7
$\begingroup$

I am trying to come up with insults and swears for some fictional races. Their cultures pretty well mapped out, but I am still having some trouble. I figured the best source of inspiration would be to look at different human cultures and what they considered insulting. Does anyone know of a good book that does this?

Note: This is not a repost of this because I am not asking for general advice or guidelines. I am specifically asking for a book that relates the culture and insults of several different societies in order for me to better understand how insults develop.

$\endgroup$
5
5
$\begingroup$

If instead of a book you want to invent them yourself, it should not be complicated: define what each culture values most and attack it.

  • Plutocracies obsessed with becoming rich will consider it offensive if someone tells them that they are poor.

  • Martial cultures that value success at war will become very angry if you treat them as cowards.

  • For a nomadic culture nothing would be worse that being called a farmer.

  • The impious and the heretic are the worst insults inside a theocracy...

Then you have to adapt the expression of the ideas to the general culture. A more basic culture will just erupt into "dirty" words ("coward!"), a culture centered around mithology would make an analogy ("he runs from battle as Mazor did in front of Asur")...

$\endgroup$
3
$\begingroup$

You could try Sticks and Stones by Jerome Neu.

"Sticks and stones may break my bones but words will never hurt me." This schoolyard rhyme projects an invulnerability to verbal insults that sounds good but rings false. Indeed, the need for such a verse belies its own claims. For most of us, feeling insulted is a distressing-and distressingly common-experience. In Sticks and Stones, philosopher Jerome Neu probes the nature, purpose, and effects of insults, exploring how and why they humiliate, embarrass, infuriate, and wound us so deeply. What kind of injury is an insult? Is it determined by the insulter or the insulted? What does it reveal about the character of both parties as well as the character of society and its conventions? What role does insult play in social and legal life? When is telling the truth an insult? Neu draws upon a wealth of examples and anecdotes-as well as a range of views from Aristotle and Oliver Wendell Holmes to Oscar Wilde, John Wayne, Katherine Hepburn, and many others-to provide surprising answers to these questions. He shows that what we find insulting can reveal much about our ideas of character, honor, gender, the nature of speech acts, and social and legal conventions. He considers how insults, both intentional and unintentional, make themselves felt-in play, Freudian slips, insult humor, rituals, blasphemy, libel, slander, and hate speech. And he investigates the insult's extraordinary power, why it can so quickly destabilize our sense of self and threaten our moral identity, the very center of our self-respect and self-esteem. Entertaining, humorous, and deeply insightful, Sticks and Stones unpacks the fascinating dynamics of a phenomenon more often painfully experienced than clearly understood.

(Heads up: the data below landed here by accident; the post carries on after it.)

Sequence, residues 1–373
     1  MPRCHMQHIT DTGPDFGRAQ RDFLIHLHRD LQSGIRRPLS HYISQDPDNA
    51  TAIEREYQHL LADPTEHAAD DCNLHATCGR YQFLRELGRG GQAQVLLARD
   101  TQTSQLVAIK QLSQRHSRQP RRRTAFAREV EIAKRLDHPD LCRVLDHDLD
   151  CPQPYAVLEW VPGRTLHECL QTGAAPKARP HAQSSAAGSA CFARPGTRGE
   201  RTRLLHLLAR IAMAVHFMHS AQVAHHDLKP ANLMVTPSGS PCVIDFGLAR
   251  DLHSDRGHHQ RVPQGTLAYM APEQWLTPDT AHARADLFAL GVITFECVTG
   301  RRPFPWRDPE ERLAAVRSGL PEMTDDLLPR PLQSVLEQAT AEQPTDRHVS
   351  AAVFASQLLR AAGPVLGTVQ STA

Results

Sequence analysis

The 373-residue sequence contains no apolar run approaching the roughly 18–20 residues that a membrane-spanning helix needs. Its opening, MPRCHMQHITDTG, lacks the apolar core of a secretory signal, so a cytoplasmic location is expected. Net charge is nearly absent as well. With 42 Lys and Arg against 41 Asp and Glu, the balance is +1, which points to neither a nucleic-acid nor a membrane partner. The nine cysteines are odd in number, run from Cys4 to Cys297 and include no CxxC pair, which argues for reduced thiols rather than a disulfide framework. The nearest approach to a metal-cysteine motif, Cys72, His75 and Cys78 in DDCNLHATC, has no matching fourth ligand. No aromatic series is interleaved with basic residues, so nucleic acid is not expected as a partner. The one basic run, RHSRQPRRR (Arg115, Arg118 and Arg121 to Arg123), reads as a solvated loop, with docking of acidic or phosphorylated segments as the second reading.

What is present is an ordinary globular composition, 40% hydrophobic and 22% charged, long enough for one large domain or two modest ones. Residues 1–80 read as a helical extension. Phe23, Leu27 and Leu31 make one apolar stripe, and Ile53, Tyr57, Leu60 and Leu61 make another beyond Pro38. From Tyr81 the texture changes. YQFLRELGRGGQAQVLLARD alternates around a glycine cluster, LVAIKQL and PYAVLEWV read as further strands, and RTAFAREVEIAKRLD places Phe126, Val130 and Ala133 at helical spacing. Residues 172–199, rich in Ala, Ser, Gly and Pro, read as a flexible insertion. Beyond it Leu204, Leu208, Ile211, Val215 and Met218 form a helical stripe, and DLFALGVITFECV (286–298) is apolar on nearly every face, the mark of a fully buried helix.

Personally, I think the author doesn't understand the fundamental truth underlying the rhyme, and thus proceeds from at least one false premise; but from the blurb this seems to be a promising resource for you at least in the broad strokes that lay bare humanity's broken nature regardless of specific culture.

$\endgroup$
1
$\begingroup$

You could try the Harry Potter series. There are a lot of ideas that could be copied and modified there. It is much easier to use imaginary words and fill them with angst and similar rather than trying to use emotive words from our world.

A number of "bad" words are used for example Mud blood which is a derogatory term for the witches and wizards of mixed magical / non magical lineage. This word can be amplified by linking to lesser derogatory words for our world hence - filthy mudblood! is even worse

There are words that cause a great deal of offence when spoken going against the social norms such as "Voldemort" - Don't say that name! He who shall not be named.

Then there are unforgivable curses like Cruciatus and Avada Kedavra

Then are also awkward topics that are taboo like the horcrux. The secrets of which Tom Riddle eventually manages to obtain.

If you take any controversial topics from our world from racism to porn or violence you will find an abundance of material. Take the words and the context that they are used in, then replace that word with one of your own choosing. This will take the offensiveness away but leave the meaning clear.

$\endgroup$
0
$\begingroup$

The following books are freely available from Archive.org:

The following books can be borrowed from the same source:

$\endgroup$

Your Answer

By clicking “Post Your Answer”, you agree to our terms of service, privacy policy and cookie policy

Not the answer you're looking for? Browse other questions tagged or ask your own question.